PHUKET: All stakeholders in Phuket’s future should thank five visiting ambassadors who kept the pressure on the provincial government to do something about the island’s notorious jet-ski rental industry.
As opined many times, this particular industry seems to possess a curious ability that allows it to somehow pass undetected through all barriers of law, order, courtesy and simple common sense.
It is illegal for anyone without a captain’s license to operate a jet-ski in Thailand. Simple enforcement of this law could restore peace and order overnight, yet those responsible for enforcement not only refrain from taking action, but also consistently refuse to admit that a problem even exists.
Multiple polls by the Gazette confirm that the vast majority of residents and tourists on the island would like to see these loud, dangerous and intrinsically obnoxious machines banned from local waters altogether.
Over the years, many tourists have lost their lives in jet-ski accidents. Many more have been injured or had their Phuket holiday experience completely ruined by the various extortion scams run by jet-ski rental operators – most notably those who make excessive demands for payment for minor or even non-existent damages to their vessels.
But these are just initial costs to the island. What also needs to be factored in are the numerous other ways this industry is ruining Phuket’s reputation as a safe, peaceful tourist destination.
For a start, anyone who enjoys swimming will inevitably hate having to be confined to the small swimming zones set up for them, so that jet-skis, parasailing speedboats and other vessels can rule the rest of the bay.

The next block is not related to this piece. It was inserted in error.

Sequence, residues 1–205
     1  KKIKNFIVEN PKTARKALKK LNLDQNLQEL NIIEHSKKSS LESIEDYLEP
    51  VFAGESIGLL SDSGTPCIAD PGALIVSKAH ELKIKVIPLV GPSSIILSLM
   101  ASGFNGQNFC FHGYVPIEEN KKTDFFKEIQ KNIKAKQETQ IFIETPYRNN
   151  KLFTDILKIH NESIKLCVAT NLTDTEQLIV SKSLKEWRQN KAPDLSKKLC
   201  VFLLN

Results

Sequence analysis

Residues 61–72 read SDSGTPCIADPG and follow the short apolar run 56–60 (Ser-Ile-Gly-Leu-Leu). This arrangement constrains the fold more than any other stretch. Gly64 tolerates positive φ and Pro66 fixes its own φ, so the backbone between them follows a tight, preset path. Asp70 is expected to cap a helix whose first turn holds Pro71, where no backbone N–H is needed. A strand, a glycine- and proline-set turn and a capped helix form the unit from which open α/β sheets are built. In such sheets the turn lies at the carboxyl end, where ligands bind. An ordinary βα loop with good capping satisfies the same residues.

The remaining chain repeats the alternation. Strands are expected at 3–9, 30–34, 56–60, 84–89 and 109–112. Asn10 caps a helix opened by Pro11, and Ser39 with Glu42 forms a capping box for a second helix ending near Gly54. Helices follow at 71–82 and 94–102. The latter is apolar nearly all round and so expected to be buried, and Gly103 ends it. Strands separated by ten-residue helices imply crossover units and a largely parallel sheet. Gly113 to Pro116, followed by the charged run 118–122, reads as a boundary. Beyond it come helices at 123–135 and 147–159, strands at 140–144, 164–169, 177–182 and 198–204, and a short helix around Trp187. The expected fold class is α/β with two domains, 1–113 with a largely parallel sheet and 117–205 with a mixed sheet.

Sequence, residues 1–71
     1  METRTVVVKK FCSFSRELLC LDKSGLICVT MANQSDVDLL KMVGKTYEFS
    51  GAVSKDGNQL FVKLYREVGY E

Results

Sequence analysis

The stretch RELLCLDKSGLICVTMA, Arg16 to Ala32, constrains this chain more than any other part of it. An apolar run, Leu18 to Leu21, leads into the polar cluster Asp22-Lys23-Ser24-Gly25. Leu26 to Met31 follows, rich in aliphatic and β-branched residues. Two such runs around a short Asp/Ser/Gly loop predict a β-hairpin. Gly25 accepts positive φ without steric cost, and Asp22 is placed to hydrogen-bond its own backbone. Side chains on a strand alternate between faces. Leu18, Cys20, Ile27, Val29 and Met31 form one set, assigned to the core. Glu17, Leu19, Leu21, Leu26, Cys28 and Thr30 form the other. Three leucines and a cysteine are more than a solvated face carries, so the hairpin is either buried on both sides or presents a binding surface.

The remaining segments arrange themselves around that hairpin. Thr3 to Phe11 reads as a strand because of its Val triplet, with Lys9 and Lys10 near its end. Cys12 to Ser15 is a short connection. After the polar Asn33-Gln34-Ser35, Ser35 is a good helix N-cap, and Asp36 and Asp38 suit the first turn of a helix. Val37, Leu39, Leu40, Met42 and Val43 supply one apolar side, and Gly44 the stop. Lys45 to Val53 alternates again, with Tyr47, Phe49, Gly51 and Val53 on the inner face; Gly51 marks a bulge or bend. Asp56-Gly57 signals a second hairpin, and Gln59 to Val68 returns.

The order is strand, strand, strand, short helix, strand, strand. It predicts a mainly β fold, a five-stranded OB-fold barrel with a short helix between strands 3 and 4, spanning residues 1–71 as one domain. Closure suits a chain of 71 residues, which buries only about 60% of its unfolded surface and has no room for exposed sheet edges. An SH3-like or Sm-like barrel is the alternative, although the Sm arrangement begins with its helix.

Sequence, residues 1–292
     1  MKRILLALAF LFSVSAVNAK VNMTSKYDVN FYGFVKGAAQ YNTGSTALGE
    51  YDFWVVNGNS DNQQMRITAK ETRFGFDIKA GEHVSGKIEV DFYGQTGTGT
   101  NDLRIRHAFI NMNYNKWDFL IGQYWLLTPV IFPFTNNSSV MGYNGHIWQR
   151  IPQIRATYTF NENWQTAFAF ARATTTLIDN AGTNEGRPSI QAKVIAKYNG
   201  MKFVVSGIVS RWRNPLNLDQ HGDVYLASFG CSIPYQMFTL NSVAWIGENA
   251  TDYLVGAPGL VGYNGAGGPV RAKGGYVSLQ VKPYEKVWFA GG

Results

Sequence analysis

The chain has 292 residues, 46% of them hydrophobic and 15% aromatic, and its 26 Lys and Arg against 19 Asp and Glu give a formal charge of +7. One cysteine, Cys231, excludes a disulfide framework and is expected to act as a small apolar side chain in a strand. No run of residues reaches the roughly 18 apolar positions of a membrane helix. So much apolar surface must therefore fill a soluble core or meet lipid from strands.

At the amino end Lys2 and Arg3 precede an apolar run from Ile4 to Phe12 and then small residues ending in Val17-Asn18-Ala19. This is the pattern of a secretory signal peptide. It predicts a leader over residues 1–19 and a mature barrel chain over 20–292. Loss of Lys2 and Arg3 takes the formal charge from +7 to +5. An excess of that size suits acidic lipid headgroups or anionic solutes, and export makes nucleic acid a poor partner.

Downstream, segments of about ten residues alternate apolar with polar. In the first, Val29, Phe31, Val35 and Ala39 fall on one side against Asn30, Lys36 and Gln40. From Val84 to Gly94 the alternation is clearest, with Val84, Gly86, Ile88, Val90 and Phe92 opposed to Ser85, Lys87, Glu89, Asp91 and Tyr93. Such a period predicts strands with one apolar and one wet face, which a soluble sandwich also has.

Anyone who has ever swum in the ‘open ocean’ and had a jet-ski approach at above-the-head level knows the true meaning of the words ‘raw fear’ and ‘helplessness’. No wonder beach tourists are increasingly opting for jet-ski free vacation destinations. As the visiting ambassadors correctly pointed out, jet-skis are hurting our tourism industry in a very big way.
Jet-skis are also an increasingly obvious eyesore on the beach landscape, where they continue to park and be touted despite the order by the National Council for Peace and Order (NCPO) that no party shall use public beaches to conduct private business.
Though many beach vendors have been forced off the sands and parts of popular beach clubs have been demolished, the jet-ski rental industry continues to flourish.
As has been mentioned numerous times in this space, The NCPO has done an admirable job at imposing some semblance of order on our beaches, affirming the sands’ status as public property.
This may be the last chance Phuket has to rid itself of jet-skis, so, at the risk of sounding like a broken record, we again call for an immediate island-wide ban on all jet-ski rentals – as well as an official investigation into the personal finances of public officials who have so brazenly allowed this dangerous and sad situation to fester.
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